JOHANNESBURG (miningweekly.com) – TSX-listed Northern Dynasty Minerals has again criticised the recently published draft Bristol Bay Watershed Assessment (BBWA) report, stating that the report held narrow boundaries and restrictions for peer reviewers.
The US Environmental Protection Agency's Region 10 office published the report, ‘An Assessment of Potential Mining Impacts on Salmon Ecosystems of Bristol Bay, Alaska’, for public comment in May.
Northern Dynasty has called on the EPA to substantially expand and extend role of independent experts assembled to review the BBWA.
The Pebble project is a significant potential copper, gold and molybdenum deposit about 200 miles southwest of Anchorage, on state land designated for mineral exploration and development. But the project has come under heavy criticism from environmental and community groups who say the mine will threaten salmon populations.
Northern Dynasty and Anglo American, in a 50:50 joint venture (JV) partnership, are hoping to develop the project.
Northern Dynasty president and CEO Ron Thiessen stressed that the draft BBWA report was “a fundamentally flawed, premature and rushed document that omitted key sources of scientific data, incorporated out-of-date and inapplicable information, and distorted other data to arrive at conclusions that are simply not supported in science”.
Further, Thiessen stated that the Region 10 office insisted the process be completed “before Americans go to the polls in November”, sparking him to question the rationale for the deadline and why the assessment was being undertaken before a detailed mine proposal had been presented.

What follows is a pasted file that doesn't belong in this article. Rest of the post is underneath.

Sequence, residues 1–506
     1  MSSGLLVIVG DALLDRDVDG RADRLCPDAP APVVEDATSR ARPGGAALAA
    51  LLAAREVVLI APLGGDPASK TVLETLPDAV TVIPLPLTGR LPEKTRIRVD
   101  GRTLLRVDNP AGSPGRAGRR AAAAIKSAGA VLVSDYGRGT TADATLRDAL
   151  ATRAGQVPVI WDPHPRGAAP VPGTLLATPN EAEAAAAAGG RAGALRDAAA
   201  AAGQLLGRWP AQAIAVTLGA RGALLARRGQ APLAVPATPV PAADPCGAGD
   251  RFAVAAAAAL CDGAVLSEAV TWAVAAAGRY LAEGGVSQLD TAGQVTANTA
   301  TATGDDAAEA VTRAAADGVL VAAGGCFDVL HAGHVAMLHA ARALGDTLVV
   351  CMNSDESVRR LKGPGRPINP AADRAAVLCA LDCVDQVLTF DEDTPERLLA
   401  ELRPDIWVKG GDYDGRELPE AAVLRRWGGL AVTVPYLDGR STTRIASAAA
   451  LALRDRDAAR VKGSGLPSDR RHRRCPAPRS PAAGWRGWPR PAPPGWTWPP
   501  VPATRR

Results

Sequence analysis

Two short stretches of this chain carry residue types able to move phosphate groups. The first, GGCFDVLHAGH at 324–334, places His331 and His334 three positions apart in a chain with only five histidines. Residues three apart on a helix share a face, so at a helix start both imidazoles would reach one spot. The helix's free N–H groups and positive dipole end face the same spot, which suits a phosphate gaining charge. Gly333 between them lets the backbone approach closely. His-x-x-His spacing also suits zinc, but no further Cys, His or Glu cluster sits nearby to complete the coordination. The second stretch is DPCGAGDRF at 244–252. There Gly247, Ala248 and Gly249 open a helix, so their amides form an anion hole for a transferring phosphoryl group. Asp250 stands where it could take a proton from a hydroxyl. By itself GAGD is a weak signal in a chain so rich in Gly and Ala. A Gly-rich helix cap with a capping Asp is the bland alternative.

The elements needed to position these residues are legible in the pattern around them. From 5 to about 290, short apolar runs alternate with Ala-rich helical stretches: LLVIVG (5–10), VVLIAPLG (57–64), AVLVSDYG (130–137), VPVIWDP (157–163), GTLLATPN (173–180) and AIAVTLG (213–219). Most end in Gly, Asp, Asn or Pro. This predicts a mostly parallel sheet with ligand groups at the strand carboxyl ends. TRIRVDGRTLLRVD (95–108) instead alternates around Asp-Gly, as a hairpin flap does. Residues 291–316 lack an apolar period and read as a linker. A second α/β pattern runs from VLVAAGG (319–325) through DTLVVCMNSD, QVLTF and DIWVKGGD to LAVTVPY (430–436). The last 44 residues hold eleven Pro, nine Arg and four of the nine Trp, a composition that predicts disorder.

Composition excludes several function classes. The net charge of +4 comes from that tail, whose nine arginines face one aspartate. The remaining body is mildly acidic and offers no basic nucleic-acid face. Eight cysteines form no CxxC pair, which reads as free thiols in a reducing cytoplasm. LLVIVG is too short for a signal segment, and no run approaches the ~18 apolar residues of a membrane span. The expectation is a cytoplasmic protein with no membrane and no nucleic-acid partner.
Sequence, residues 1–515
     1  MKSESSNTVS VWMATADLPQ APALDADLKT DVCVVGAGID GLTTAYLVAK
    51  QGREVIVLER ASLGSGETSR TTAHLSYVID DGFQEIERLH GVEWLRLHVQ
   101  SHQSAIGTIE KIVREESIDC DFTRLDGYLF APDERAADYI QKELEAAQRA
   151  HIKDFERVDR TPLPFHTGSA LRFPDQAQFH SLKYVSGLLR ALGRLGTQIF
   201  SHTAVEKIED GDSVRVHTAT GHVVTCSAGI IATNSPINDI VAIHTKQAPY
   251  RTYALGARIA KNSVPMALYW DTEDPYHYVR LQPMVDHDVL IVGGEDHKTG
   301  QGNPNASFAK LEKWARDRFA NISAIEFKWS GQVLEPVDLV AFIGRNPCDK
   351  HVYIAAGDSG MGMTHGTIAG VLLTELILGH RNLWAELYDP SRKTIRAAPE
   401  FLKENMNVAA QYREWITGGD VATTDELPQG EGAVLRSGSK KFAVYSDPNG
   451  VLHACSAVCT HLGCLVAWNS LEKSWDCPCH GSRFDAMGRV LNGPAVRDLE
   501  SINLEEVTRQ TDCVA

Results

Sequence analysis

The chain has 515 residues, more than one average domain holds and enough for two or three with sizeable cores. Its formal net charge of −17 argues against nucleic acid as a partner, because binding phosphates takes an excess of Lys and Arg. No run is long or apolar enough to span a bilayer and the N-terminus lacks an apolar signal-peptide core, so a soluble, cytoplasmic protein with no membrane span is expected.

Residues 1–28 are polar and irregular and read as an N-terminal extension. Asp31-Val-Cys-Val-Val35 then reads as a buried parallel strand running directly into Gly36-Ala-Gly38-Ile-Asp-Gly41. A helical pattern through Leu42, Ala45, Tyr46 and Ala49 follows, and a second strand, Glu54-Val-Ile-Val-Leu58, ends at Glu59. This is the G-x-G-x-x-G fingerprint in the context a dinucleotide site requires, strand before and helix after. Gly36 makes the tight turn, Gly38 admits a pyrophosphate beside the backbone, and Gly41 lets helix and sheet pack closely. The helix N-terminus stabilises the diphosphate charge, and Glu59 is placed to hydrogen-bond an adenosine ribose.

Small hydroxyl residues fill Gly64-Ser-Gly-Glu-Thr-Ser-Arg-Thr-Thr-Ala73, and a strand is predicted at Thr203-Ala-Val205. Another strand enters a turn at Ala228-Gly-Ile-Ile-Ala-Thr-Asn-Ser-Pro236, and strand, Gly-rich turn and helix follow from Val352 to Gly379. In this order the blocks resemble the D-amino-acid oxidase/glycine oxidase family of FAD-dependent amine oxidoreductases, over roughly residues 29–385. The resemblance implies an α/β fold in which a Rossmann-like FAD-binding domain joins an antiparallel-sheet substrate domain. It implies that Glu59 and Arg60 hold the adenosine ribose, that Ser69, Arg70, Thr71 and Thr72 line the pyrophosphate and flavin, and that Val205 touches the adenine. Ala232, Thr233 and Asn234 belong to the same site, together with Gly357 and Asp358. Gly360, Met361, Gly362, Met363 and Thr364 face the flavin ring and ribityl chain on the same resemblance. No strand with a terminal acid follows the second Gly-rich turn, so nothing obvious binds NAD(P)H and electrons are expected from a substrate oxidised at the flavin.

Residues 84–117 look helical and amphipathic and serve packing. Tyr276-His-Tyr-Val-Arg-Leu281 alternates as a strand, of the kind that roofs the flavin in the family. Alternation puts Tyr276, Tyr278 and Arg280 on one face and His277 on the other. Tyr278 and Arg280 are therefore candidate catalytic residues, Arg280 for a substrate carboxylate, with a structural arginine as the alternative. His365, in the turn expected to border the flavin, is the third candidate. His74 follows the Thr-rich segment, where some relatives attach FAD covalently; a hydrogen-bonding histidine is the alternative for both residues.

The JV company, Pebble Partnership, was currently finalising a proposed design for the Pebble project that it said would meet and exceed environmental regulations and permitting requirements in Alaska and the US.
Further, a public consultation initiative in Alaska in the latter half of 2012 was planned by the parties to “share the status of project engineering with stakeholders”.
"Our concern is that the premature, rushed and under-informed nature of this investigation will lead to a scientifically indefensible outcome. Pebble is simply too important a resource to be subject to the whims of political, rather than objective, science-based decision-making," he added.
Thiessen believed that the draft charge for the peer reviewers was also “artificially narrow” and would further prohibit the required 12 independent experts’ assessments, particularly in respect of the scope, methodology, underlying assumptions, data sources and analysis presented in the draft report.
Further, he pointed to narrow boundaries placed on the questions and comments put forward by peer reviewers and the investigations they could undertake.
He suggested that the BBWA report should be abandoned, and the Pebble project should, when ready, proceed to be comprehensively reviewed by federal and state regulatory agencies under the National Environmental Policy Act, “like every other significant resource development project in the country”.
He further stated that good scientific practices should be allowed “to rule the day” considering the global significance of the mineral resource and its strategic and economic value to Alaska and the US.
Pebble Partnership is targeting first production from the contentious project in 2020.
Northern Dynasty shares shed 3% on the TSX on Thursday morning, trading at C$2.36 a share by about 11:00 in Toronto.